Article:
Written by David Hockney
David Hockney by David Hockney, 1967
When I got to Los Angeles I didn’t know a soul.
People in New York said you’re mad to go there if you don’t know anybody and you can’t drive. They said at least go to San Francisco if you want to go West. And I said no, no, it’s Los Angeles I want to go to. So it was arranged; I was going to have an exhibition in New York, at Charles Alan’s Gallery, and I said I’d painted the pictures in California. Charles said it’s crazy, you know you won’t even be able to leave the airport if you can’t drive; it’s madness. So he phoned up this guy who was a sculptor there, who showed in his gallery, called Oliver Andrews. He very kindly came to meet me at the airport and drove me to a motel in Santa Monica and just dropped me. He gave me his phone number. I got into the motel, very thrilled; really, really thrilled, more than in New York the first time. I was so excited. I think it was partly a sexual fascination and attraction. I arrived in the evening. Of course I’d not transport but the motel was right by the bottom of Santa Monica canyon, just where Christopher Isherwood lives. I didn’t know him then and although I had his address I didn’t know it was near there. I checked into this motel and walked on the beach and I was looking for the town; I couldn’t see it. And I saw some lights and I thought, that must be it. I walked two miles, and when I got there all it was was a big gas station, so brightly lit I’d though it was the city.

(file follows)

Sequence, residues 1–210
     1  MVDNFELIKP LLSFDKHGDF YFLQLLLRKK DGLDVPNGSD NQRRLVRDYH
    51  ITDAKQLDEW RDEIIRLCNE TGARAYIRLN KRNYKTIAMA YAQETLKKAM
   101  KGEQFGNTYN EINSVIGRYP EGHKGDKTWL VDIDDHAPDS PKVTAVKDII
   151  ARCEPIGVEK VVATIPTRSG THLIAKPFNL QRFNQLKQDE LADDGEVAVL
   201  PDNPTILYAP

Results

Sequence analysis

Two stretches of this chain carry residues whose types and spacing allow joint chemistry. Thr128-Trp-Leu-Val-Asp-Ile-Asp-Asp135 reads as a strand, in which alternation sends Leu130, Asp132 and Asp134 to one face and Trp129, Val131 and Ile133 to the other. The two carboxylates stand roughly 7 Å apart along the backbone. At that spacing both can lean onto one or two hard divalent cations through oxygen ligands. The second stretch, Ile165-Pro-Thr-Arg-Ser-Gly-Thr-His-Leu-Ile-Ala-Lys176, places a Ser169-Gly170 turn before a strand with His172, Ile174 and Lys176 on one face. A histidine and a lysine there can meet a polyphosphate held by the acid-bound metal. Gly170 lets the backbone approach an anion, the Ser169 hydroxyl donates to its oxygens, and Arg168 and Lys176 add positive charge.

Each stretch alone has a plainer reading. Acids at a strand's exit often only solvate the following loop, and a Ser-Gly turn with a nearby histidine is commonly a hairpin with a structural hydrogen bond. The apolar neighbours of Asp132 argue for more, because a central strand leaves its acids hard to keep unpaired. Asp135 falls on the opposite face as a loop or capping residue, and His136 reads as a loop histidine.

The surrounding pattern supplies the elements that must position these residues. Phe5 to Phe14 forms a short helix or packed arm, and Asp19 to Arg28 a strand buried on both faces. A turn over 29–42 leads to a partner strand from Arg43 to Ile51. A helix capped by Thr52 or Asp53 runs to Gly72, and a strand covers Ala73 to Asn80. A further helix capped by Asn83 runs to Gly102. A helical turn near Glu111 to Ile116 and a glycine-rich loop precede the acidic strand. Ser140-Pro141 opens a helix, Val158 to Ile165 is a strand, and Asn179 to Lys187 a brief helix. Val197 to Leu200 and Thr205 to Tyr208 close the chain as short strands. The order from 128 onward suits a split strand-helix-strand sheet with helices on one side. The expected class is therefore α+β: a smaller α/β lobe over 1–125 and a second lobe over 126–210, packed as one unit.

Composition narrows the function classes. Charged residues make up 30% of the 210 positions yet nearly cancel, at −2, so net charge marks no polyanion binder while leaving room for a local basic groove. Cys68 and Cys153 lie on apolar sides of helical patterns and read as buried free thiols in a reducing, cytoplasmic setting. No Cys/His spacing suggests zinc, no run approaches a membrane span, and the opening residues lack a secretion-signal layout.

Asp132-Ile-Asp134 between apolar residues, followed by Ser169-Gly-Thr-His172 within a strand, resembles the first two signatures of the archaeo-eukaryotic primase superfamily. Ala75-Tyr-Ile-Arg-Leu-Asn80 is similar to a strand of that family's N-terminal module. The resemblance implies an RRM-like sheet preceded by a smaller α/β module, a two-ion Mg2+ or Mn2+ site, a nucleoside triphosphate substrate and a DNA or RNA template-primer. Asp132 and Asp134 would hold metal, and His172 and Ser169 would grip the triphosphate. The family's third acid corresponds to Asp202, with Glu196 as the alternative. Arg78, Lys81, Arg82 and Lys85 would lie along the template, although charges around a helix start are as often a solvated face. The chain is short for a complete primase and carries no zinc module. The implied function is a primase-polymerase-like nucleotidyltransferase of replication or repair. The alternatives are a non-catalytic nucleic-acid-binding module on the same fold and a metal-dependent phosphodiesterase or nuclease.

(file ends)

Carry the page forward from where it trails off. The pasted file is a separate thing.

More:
© 1976 David Hockney; London: Thames & Hudson; David Hockney Studio